What Is a Casino?


A casino is a gambling establishment that offers games of chance for money. While musical shows, lighted fountains, shopping centers and lavish hotels may help lure in visitors, casinos would not exist without the billions of dollars that patrons bet every year. Popular games like slot machines, blackjack, roulette and craps help drive the industry. Some casinos also offer video poker, keno and other games with different winning odds.

Casinos are most often located in tourist destinations. Las Vegas is the most famous example, but they can be found throughout the United States and abroad. Some casinos are also built on American Indian reservations, which are exempt from state anti-gambling laws.

Gambling predates recorded history, with primitive protodice (cut knuckle bones) and carved six-sided dice among the earliest artifacts. However, the modern casino as a place where people could find many types of gambling under one roof did not develop until the 16th century. The idea caught on as a gambling craze swept Europe, with wealthy Italian aristocrats holding private parties at places called ridotti. While technically illegal, these venues were rarely bothered by authorities [Source: Schwartz].

While a casino might have a number of gaming tables and slot machines, it is not an amusement park or theme park. It is not uncommon to see casino patrons wearing tuxedos and smoking cigarettes as they gamble. The most popular game in a casino is slots, with more than 60 percent of all wagers made on this type of machine. The second most popular game is poker, with the remainder split between other table games and a few video games.

The casino business depends on players who wager large sums of money to generate huge profits for the house. To ensure that they can pay their big bettors, casinos set the odds of each game so that there is always a mathematical advantage for the house. This advantage is sometimes known as expected value or the house edge. Casinos also earn money from the rake, which is a percentage of each bet placed.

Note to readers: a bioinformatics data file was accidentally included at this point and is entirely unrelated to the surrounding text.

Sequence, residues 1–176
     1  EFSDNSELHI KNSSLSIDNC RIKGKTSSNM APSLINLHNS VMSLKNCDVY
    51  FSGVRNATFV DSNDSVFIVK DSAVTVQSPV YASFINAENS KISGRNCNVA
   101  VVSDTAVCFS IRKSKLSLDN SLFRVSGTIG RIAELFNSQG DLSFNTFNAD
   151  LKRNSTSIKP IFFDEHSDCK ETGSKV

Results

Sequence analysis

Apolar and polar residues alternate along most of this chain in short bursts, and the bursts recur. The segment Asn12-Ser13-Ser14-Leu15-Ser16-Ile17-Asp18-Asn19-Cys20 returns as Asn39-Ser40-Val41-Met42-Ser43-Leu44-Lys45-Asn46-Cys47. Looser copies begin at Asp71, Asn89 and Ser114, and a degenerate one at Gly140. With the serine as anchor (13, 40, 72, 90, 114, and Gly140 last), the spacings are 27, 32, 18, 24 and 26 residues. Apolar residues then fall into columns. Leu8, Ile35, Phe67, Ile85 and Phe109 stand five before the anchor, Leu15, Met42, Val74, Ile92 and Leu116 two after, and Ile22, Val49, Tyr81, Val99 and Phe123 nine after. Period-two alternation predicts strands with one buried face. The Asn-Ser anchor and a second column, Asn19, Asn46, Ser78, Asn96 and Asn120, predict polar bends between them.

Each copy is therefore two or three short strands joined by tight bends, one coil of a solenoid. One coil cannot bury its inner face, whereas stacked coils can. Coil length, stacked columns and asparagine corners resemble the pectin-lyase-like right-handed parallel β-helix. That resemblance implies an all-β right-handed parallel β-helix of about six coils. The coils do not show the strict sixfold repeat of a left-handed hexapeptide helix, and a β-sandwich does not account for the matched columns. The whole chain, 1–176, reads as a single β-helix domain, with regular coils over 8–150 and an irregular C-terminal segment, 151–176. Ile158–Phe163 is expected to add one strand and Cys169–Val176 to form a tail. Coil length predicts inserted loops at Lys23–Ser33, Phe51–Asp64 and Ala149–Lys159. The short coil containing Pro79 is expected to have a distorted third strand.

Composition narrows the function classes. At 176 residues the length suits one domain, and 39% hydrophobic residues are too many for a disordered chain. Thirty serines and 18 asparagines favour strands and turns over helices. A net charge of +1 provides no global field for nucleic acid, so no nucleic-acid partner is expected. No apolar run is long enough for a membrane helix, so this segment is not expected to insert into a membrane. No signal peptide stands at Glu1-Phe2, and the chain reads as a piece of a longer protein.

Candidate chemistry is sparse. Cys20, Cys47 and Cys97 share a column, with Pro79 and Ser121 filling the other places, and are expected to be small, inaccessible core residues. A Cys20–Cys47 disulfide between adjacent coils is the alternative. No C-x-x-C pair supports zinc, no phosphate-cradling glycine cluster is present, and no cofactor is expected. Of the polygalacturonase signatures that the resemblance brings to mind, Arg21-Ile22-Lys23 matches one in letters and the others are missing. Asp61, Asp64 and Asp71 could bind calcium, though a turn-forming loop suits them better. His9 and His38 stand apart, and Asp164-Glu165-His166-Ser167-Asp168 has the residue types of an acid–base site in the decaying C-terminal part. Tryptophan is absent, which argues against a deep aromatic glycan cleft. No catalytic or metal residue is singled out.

To attract the biggest bettors, casinos offer extravagant inducements. These might include free spectacular entertainment, luxury transportation and living quarters, discounted food and drinks while gambling and even full hotel stays. The average casino customer is a forty-six-year-old female from a household with above-average income. Older parents, who have more vacation time and spending money than younger adults, are also major casino gamblers.

Something about the presence of large amounts of money encourages casino patrons and staff to cheat and steal, either in collusion or individually. This is why most casinos spend a great deal of time and money on security measures. A casino’s security personnel keep an eye on everything that happens in the gambling floor, from the way dealers shuffle and deal cards to betting patterns on table games. Usually, security cameras are installed everywhere in a casino. Some security cameras are even built into the ceiling above the gambling area.